Who’s there?

The concept of puertas cerradas, or closed-door restaurants, is a right Marmite situation.

The pro camp adore these secret eateries and their fixed yet innovative menus. The cons despise their very existence, claiming they draw custom away from legit establishments by dodging the AFIP man and other hard-to-please institutions. It’s a tough call, truth be known.

I am not here to judge, however, far from it, but simply taking on the role of messenger to inform you that there’s a new closed door in San Isidro and a rather sexy easy-on-the-eye one at that.

Opening two weeks ago, Knock pretty much eschews the classic puerta cerrada role model with its glamorous artsy aesthetic.

Located on a leafy street that could be anywhere in the northern suburbs and hidden behind huge remote control gates, a sloping roof and some first-floor red brickwork are the only indication of chef Martín Lukesch’s new project. You need a password to access the premises.

While many closed doors double up a living room bedecked with pet pics as a salon a few evenings a week, often forgetting to hide the anti-dandruff shampoo from the bathroom, by day Knock is home to sculptor father-son duo Lucas Reich and Bauchi Reich’s workshop, who dug the idea of a part-time restaurant in their atelier.

Their works deck the ground floor salon, including two hulls poking out from the wall and some scary dinosaurs in the garden. Upstairs, a cool, more private drinks lounge awaits for a pre- or post-dinner drinkette. Disco balls and fairy lights ensure the look isn’t too artsy high brow. (Thank god for that.)
Lukesch most recently worked at Primum and has also flashed some knives on Fox Life. His aim at Knock is to feature a market-to-table menu that changes up weekly. So far, so closed door good.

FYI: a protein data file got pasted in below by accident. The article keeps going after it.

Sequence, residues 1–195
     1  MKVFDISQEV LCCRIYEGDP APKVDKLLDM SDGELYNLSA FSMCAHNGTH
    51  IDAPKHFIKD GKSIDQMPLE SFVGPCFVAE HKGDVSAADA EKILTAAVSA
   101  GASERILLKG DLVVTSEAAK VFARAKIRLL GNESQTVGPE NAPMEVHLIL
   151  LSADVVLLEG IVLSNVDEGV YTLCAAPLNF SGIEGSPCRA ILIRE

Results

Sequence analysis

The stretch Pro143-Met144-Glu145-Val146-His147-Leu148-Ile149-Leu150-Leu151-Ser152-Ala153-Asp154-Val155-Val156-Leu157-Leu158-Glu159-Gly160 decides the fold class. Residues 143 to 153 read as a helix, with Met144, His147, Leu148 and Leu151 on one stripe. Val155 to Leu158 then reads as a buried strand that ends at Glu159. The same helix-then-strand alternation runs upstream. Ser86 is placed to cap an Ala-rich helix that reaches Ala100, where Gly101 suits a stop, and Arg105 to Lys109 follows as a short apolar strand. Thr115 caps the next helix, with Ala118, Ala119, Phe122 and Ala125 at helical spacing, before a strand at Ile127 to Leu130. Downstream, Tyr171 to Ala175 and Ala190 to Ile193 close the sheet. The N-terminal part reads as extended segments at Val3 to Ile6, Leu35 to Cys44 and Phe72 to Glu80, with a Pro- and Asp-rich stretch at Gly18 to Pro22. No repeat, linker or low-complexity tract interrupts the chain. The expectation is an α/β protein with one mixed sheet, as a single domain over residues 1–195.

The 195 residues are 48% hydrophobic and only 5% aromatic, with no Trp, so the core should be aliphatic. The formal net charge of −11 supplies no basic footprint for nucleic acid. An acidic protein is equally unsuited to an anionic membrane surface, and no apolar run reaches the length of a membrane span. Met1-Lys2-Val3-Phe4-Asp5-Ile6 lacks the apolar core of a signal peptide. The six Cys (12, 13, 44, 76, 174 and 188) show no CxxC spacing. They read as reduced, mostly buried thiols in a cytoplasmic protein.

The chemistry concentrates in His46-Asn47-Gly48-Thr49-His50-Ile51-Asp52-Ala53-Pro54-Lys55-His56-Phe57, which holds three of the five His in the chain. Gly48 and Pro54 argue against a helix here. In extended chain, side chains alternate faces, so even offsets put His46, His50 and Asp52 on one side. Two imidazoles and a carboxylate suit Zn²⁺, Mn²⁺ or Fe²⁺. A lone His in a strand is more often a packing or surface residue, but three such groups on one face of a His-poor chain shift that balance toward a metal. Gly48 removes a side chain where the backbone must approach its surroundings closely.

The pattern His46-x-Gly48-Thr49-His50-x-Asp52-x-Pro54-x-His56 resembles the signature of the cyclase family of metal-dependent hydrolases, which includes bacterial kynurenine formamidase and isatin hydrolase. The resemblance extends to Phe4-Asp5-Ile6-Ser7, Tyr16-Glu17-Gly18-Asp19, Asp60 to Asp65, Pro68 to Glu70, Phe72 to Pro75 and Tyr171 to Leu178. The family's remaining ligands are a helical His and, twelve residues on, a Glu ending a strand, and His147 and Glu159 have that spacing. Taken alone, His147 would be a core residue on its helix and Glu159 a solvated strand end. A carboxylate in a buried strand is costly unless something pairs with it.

But the ante is well and truly upped with a cute cellar, two sommeliers on hand, including Natalia Suarez who selects the bodega of the month (Familia Schroeder in September), diligent service that’s almost a little too attentive, and a classy menu that reflects the produce available. An assortment of Zuccardi extra virgin olive oils team up with the bread basket. One downfall, however, was the slightly rickety table plus chairs that were less pretty than the space. Regardless, this is a slick operation.

Five courses including water and coffee set you back 450 pesos and with the first step, a teeny quail egg on brioche, I thought it might be a bit steep on the hungry-to-sated price scale. But step two, a hefty mound of burrata, teenage asparagus (not baby or fully grown) and a surprisingly non-intrusive black olive tapenade set aside any fears. Topped with wild garlic flowers, it was beautifully presented.

Round three is the last savoury course, as Lukesch caters to the Argentine sweet tooth for the latter two; regardless, his two rainbow trout fillets were an immense hit. The guy knows his fish, pan-frying it to succulent perfection, not too moist or too dry, skin on.


He played it out with a creamy bulgar wheat, delicately infused with white truffle oil and barbecue grilled leeks. Matched with a Saurus Pinot Noir — a line I love, incidentally, because technical info such as the harvest date on the label greatly appeals to my inner wine geek — this was a pretty pairing indeed. Throw in three matched glasses for an additional 150 pesos.

I skipped the avocado, banana, orange ice-cream, which was declared very delicious by dining companions, and took on a vanilla version, simple yet perfectly executed. Part five was an exquisite lemon curd pastry topped with fresh strawberries and blueberries and a thoughtful grapefruit gel that added sharp acidity. That was a plate licker too.

I’ve said it already but this is a slick operation, with few elements usually associated with closed door establishments in play. It might be better to define it as private dining or with reservation only, given that it’s lacking that cosy homeliness that diners love about puertas cerradas. But while they remain enamoured, the very name is certainly a selling point, certainly for the pro camp. And at the end of the day, the experience counts.

Super dinner, stylish, secret, attentive service, well priced. Take a date.

Tel: 011 15 6112-1894
Cash only, Fridays and Saturdays

Buenos Aires Herald, September 20, 2015

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